As for classic physical exam findings... in studies with dogs about 85% of dogs with esophageal intubations had fogging of the tube (don't think they'd let you purposefully do this in humans) and in other randomized prospective studies done in the OR (ie. controlled environment) there was a 15% -25% ERROR rate on auscultating bilaterally in asleep patients where anesthesiologists "heard" bilateral breath sounds in patients with esophageal intubations... all picked up by capnography.

Again...the gold standard is CO2 detection NOT auscultation or fogging.

doc t.

ccrn
06-13-2004, 01:37
Again...the gold standard is CO2 detection NOT auscultation or fogging.

doc t.


Ive never considered fogging to be gold standard ever, but visualization of vocal cords, chest rise accompanied with breathsounds, and co2 detection. On the floor all of this is confirmed with CXR.

I was going to disagree with you as in practice I have seen co2 detectors give false negatives. Of course when ever we use colormetric (every intubation) its always nice to see yellow/purple.

My info comes from my last ACLS which was 02 and still what my current employer is teaching. I did a search (http://www.acep.org/1%2C4924%2C0.html) which agrees with you.

I stand corrected-

ccrn

greg c
06-13-2004, 02:17
Originally posted by ccrn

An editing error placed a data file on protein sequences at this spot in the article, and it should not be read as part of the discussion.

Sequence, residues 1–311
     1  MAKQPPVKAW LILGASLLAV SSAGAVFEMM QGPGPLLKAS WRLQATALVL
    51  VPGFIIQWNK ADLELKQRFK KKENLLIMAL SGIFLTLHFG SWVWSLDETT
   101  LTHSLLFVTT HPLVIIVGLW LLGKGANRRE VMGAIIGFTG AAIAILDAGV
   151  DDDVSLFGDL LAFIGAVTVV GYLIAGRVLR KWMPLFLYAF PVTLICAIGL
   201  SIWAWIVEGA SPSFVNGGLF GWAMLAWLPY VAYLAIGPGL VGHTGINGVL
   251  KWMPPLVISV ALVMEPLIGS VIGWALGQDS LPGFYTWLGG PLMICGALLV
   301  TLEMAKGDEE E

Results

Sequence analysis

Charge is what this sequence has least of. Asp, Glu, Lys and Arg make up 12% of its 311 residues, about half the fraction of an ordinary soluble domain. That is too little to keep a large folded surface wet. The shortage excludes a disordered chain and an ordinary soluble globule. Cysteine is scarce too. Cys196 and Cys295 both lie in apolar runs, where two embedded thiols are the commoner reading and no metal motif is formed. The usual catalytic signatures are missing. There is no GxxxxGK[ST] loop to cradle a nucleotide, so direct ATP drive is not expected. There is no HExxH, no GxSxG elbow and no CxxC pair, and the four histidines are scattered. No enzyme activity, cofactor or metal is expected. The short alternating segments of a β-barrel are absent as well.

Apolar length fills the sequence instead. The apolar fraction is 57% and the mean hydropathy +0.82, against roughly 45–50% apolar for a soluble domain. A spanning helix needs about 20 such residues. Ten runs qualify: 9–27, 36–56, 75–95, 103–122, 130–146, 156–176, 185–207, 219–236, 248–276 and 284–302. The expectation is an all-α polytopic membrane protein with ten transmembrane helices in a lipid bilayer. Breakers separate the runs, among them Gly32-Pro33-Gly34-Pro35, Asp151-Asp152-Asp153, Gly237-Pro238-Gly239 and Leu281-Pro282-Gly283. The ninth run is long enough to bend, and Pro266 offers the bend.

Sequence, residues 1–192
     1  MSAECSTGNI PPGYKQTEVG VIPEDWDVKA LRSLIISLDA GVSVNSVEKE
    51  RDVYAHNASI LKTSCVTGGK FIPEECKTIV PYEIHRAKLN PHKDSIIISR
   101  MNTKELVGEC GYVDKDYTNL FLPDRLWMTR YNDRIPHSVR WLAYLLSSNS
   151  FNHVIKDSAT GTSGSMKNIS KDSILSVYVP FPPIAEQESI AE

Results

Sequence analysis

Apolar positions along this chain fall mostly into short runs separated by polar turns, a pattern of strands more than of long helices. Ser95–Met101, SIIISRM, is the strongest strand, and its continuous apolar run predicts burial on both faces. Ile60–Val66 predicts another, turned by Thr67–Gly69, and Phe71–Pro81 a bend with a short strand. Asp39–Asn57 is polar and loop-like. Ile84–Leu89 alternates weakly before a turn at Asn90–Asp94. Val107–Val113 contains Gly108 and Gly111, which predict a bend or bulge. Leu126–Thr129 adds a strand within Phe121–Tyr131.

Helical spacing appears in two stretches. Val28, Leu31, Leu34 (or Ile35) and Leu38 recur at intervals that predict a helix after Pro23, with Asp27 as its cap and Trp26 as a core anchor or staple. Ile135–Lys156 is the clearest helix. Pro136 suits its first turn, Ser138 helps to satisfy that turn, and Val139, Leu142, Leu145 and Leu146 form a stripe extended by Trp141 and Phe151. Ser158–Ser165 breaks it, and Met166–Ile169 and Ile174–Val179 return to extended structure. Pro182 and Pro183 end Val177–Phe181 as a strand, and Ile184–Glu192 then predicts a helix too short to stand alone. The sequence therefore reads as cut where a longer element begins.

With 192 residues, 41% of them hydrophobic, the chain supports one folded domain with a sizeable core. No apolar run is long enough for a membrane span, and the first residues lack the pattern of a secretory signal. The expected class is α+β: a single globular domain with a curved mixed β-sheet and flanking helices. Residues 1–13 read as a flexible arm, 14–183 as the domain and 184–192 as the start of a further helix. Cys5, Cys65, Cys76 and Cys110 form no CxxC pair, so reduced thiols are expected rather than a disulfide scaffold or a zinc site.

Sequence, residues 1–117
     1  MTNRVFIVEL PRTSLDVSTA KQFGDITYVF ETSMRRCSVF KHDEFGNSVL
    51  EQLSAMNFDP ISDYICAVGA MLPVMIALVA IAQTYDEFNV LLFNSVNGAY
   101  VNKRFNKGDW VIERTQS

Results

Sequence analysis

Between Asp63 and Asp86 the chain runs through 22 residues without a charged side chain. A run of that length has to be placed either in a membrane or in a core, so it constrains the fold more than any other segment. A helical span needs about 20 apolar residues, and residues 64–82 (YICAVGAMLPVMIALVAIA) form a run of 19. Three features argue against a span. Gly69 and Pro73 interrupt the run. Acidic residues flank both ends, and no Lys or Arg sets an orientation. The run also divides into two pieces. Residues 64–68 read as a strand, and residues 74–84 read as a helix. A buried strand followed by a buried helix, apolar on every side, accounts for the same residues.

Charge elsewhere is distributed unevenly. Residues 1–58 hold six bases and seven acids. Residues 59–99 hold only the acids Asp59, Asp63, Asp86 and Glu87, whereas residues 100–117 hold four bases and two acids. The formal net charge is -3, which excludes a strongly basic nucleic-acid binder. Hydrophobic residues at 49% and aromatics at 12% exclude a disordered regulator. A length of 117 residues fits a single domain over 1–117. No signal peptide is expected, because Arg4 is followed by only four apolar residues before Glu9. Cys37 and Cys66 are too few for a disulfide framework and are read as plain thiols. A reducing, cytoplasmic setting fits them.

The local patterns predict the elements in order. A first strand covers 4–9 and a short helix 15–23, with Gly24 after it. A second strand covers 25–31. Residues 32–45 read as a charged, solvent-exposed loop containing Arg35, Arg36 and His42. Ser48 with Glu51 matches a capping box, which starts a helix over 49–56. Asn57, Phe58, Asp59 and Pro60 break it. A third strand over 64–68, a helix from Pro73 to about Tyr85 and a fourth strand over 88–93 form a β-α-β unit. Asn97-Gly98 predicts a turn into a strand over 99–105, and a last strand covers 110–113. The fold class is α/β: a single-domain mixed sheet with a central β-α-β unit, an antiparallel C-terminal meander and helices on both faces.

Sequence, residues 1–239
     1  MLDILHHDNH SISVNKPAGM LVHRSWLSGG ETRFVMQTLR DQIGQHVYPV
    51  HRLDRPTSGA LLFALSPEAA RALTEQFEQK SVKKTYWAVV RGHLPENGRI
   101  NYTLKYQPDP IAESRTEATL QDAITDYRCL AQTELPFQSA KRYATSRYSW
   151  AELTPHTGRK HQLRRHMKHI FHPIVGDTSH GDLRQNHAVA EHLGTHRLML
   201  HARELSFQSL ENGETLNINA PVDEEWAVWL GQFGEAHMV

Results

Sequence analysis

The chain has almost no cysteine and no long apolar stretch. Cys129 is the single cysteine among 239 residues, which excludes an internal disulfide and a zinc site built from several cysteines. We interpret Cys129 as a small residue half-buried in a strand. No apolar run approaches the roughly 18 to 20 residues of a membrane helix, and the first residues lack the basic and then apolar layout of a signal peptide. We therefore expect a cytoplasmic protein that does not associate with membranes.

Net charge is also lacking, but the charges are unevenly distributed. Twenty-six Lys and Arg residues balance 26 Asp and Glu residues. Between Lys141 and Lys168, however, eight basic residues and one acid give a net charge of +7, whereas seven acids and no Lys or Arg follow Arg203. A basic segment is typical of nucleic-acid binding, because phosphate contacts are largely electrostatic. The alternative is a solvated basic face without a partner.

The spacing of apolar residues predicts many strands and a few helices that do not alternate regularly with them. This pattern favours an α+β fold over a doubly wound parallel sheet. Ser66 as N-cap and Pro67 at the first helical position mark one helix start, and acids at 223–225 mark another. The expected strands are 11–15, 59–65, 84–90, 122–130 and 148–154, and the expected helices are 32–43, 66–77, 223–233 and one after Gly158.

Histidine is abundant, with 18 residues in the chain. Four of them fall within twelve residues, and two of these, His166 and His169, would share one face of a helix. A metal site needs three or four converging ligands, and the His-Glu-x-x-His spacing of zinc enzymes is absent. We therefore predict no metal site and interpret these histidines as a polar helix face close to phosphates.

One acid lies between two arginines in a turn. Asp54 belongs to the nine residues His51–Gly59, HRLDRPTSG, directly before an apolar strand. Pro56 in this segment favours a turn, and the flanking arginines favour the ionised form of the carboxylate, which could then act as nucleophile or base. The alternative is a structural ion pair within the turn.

QUOTE]Originally posted by greg c
NSTEMI- that's why he was going for an AM cath.

Its been a couple of years since I worked in ED so my memory is a little vague, but if I remember right we dont do Q wave or non-Q wave diagnosis anymore but ST elevation or non-ST elevation dx for intervention or thrombolitics (which arent in favor as much any more) for ACS.
ccrn [/QUOTE]

NSTEMI = Non-ST-Elevation-MI...I'm not sure what you're getting at with this paragraph...

ccrn
06-13-2004, 11:43
Originally posted by greg c
NSTEMI = Non-ST-Elevation-MI...I'm not sure what you're getting at with this paragraph...

Just thinking out loud, when I worked in a rural hospital it was part of the algorhithm that helped decide if we shipped to higher level of care (ie cath, CABG) or not and tx with thrombolitics (ie tnK).

You yourself seemed to question the validity of letting what I assume your cardiologist determined to be a "stable"NSTEMI pt sit until morning...

The algorithm has been updated, however as of 2003 AHA guidlines for primary and secondary intubation confirmation have not and co2 detectors were (are?) still secondary (www.americanheart.org).

I personaly could never trust one device to confirm placement 100% and not use assesment skills.

Our unit has many anesthesiology residents rotate through, some good some not so good. I'll talk to the head of their dept. If we (RN's) are outdated then we at least need to have our published info straight-

ccrn